Benedict went a flawless 2-for-2 in his brief managerial stint when the Mets won their first game in St. Louis on June 17 by the score of 4-3, though John Franco nearly let the game get away from him by putting the winning run on base in the bottom of the ninth with nobody out. (Dennis Cook was forced to clean up his mess.)

Valentine returned to the helm the next night and watched the Mets take another nailbiter. New York jumped to a 5-0 lead before the bullpen nearly spit the bit again. Mark McGwire came to bat in the bottom of the eighth as the tying run, and Armando Benitez fell behind him 3-0, only to fight back to get a called strike three to end the inning, a borderline call that sent Cardinals skipper Tony La Russa over the edge. After a Piazza homer extended the Mets' advantage, Benitez earned the save in a 6-2 win.

The offensive explosion of the late 1990s led to increased game times for all teams. All season, the Mets had repeatedly threatened to play their longest nine-inning game ever and finally did so on June 18, when a tight strike zone and general mound mediocrity combined for a staggering 372 pitches thrown and a nearly four-hour running time. A rough outing from Jason Isringhausen put the Mets in arrears 7-2 after five innings before they launched a comeback attempt, only to fall just short, 7-6. Piazza likened the game to "a walk across the desert. As soon as you see some water, it’s not there. It’s a mirage."

In the St. Louis finale, the Mets found themselves trailing 6-2 going into the top of the sixth when a five-run rally put them on top. They tacked on late to win 9-6, a victory whose biggest offensive star was Rey Ordoñez, of all people. The shortstop went 3-for-4 and took advantage of some shoddy Cardinals defense to score from second on an infield single—twice. He scored the Mets' first run when he ran all the way home on a slow roller by Roger Cedeño, abetted by first baseman McGwire, who had to his back to the plate and never bothered to turn his attention homeward until it was too late. Ordoñez also hit a two-run single that tied the score at 6. Cedeño followed with another slow grounder that prompted a foot race between the hitter and reliever Rick Croushore. The speedy Cedeño won the sprint while Croushore fell over in foul territory, then watched helplessly from a seated position as Ordoñez dashed home with the go-ahead run.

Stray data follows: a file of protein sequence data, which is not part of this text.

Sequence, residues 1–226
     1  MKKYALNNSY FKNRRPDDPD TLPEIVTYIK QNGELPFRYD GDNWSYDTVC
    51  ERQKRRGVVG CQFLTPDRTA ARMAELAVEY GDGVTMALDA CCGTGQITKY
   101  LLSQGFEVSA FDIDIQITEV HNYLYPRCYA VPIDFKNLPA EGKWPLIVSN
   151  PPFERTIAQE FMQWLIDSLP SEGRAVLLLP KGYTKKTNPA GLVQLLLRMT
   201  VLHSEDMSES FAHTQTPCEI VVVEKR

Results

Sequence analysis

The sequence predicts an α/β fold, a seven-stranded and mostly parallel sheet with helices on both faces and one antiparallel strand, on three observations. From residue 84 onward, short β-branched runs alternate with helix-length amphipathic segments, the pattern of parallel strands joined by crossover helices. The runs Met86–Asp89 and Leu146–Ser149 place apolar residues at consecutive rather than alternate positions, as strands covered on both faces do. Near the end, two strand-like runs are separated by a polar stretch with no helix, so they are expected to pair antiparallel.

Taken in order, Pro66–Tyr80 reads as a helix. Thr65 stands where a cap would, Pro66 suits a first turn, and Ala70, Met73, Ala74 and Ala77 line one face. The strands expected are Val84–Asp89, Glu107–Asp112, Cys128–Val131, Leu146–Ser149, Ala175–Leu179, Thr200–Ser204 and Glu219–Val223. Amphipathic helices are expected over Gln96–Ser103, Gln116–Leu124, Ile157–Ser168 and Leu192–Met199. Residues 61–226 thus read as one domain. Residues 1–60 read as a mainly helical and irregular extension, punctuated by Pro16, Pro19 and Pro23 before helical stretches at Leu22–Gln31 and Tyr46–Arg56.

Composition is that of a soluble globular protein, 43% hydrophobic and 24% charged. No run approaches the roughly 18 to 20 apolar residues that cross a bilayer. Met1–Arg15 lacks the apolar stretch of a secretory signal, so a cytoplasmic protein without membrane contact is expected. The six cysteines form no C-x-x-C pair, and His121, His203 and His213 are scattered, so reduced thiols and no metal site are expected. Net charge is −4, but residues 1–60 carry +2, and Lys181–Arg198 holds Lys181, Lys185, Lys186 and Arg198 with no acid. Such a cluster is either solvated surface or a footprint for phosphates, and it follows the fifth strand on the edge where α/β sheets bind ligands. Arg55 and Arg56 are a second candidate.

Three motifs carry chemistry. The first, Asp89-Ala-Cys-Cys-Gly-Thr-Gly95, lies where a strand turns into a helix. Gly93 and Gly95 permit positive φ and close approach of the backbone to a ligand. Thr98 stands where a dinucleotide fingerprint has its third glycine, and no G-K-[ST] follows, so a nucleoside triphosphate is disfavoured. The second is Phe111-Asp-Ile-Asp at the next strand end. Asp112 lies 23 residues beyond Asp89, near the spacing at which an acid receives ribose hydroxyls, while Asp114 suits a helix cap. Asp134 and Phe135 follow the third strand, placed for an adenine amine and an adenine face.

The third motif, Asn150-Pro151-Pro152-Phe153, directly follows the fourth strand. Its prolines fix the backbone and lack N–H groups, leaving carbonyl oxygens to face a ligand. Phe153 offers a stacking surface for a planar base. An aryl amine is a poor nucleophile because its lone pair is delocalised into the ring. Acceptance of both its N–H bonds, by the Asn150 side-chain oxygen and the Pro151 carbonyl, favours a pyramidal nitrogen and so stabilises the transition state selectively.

Ordoñez was usually allergic to lumber but was lately experiencing a rare spot of offensive non-futility. During the team's ugly losing streak, he dyed his hair bright orange and had been hot with the bat ever since, hitting an astonishing (for him) .294 since his visit to the salon. He'd raised so many eyebrows that he was now second in all star balloting, trailing only the NL's All Star Shortstop For Life, Barry Larkin.

This was surely more coincidence than causation, though Rey was inclined to see a connection. He admitted he felt more relaxed now that his clashes with Bobby Valentine and concerns over job security were in the rear view, but also surmised, "Maybe the hair changed my mind,"